Wolf Attack Hunters Statements Posted

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Last week we posted an entry on the self defense killing of a wolf by a pair of Flathead Valley hunters. Currently the NewAmerican is running an article with written statements of Mark Appleby and Mario Benedict on the wolf pack attack.

Apparently the two hunters saw no fresh sign of wolves or other predators and felt comfortable enough to have lunch near the carcass for awhile before quartering up the elk. According to Mr. Pitman they were just starting to load the quarters onto the horses when:

[Mr. Appleby] turned and started to yell, "Wolves, Raymond!" I turned to see six or seven wolves at 20 yards or less coming in on us ... silently! No noise was heard. I pulled my .44 and fired a round up the hill as a warning. They didn't pause at all. So, I started pulling the trigger at the violent, incredibly fast pack of wolves. They were so close and [there were] so many of them. They were all around us from our 3 o'clock to our 9 o'clock [position], coming in for either the horses or the meat or us. We were definitely in a life or death situation..

Visit the link above to read the full account of each hunter, since earlier news stories did not appear to give solid details on the events leading up to and during the shooting. The US Fish and Wildlife is still investigating the attack and have not wrapped up the case.

Comments

BikerRN's picture

The US Fish and Wildlife

The US Fish and Wildlife is still investigating the attack and have not wrapped up the case.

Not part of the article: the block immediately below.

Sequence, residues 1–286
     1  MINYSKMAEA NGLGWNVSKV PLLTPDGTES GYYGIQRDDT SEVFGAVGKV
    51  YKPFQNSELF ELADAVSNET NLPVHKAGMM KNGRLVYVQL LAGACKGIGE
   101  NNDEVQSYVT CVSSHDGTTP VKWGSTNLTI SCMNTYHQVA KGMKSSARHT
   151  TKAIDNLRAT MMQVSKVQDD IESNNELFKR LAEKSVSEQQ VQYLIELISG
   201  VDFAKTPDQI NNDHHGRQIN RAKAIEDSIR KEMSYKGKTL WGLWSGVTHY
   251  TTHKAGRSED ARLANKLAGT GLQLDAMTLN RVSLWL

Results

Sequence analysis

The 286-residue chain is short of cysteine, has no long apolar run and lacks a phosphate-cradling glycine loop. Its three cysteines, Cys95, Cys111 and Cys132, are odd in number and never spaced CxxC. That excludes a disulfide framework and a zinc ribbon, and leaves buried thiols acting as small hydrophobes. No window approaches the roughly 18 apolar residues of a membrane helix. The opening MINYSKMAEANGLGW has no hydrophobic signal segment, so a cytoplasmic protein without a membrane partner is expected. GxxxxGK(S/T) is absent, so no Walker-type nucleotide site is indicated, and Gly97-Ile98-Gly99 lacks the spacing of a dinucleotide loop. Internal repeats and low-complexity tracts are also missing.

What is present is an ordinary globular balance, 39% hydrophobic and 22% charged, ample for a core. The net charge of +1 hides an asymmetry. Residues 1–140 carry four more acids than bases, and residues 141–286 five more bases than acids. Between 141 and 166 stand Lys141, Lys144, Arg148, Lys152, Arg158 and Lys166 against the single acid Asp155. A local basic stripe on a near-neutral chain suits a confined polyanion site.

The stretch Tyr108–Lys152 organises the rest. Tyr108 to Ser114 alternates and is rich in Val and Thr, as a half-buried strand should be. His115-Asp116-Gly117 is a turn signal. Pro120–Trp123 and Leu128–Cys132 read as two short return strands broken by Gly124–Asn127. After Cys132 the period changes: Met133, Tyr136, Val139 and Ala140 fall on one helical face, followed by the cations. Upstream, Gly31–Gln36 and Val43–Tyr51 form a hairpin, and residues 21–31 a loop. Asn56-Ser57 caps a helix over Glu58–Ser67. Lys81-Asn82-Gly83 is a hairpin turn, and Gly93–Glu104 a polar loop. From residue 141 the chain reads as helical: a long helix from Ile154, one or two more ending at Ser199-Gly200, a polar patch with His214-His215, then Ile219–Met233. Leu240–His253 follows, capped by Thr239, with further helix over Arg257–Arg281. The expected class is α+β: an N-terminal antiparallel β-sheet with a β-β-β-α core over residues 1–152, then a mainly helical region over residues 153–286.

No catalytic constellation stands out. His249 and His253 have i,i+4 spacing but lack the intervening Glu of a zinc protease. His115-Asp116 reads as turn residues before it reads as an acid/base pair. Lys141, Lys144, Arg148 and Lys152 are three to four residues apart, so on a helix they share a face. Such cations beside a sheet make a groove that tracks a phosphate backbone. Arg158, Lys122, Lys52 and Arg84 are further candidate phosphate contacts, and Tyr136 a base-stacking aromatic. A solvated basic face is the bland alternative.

I fear the feral bunny cops will conspire to make an example of these two hunters no matter the justification given to kill a wolf. I will continue to follow this case through BGH.

Flash, flash and flash

I can tell you when things are that confused all you can remember is flashes.

bear in the moon light looking down into my face, my nose almost touching his rump as he was turning to leave and i was attempting to sit up, and the flash into the tree he was standing beside (bear season not in) can't recall anything other than that, not retrieving the pistol or standing up.

Ca_Vermonster's picture

It does seem a little weird

It does seem a little weird though, some of their statements.  They almost seem more like that of a story, and not making a statement.  The line "So, I started pulling the trigger at the violent, incredibly fast pack of wolves" seems dramatic.  Who wouldn't have just said, "Those damn things were charging hard so I shot at them"?   I am not at all doubting their story, just seems like it was played up a little. 

CVC's picture

Maybe they thought their

Maybe they thought their statement counted toward points on the BGH contest?  Why say I shot at those damn things when you can use 10 times the words and earn more points?

gatorfan's picture

That's what happens when you

That's what happens when you give someone a chance to think about their "story" before you take their statement.  A statement taken at their trucks right after the event occured probably would have been much more entertaining!  Your version of just one statement would probably be tame! 

I would probably have needed a shovel!

gatorfan's picture

Well, you can add wolves to

Well, you can add wolves to my short list of animals I don't wish to hunt "with"!  I read the original story and didn't think much else about it.  Reading the accounts of the guys that were there really brings more emphasis to how dangerous this situation really was!

Has anyone else thought about this to the point where you ask yourself, "What would I do"?  I am thinking that if I had been in this situation, there would not have been any warning shots.  I think warning shots would be warranted to keep the wolves from getting too close.  Twenty yards is already waaaaay too close!  Of course, I would probably be in deep doo doo for taking out more than one wolf but at least I would hope to be around to show the warden where the carcasses were.